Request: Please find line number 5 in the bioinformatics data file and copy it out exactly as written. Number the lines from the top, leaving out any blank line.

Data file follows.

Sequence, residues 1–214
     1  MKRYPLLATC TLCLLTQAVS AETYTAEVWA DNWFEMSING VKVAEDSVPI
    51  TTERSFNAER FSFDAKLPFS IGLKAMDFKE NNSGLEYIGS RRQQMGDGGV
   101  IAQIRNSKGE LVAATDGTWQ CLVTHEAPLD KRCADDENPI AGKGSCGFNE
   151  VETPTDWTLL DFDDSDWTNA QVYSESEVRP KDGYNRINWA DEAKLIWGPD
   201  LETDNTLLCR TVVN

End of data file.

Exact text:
   151  VETPTDWTLL DFDDSDWTNA QVYSESEVRP KDGYNRINWA DEAKLIWGPD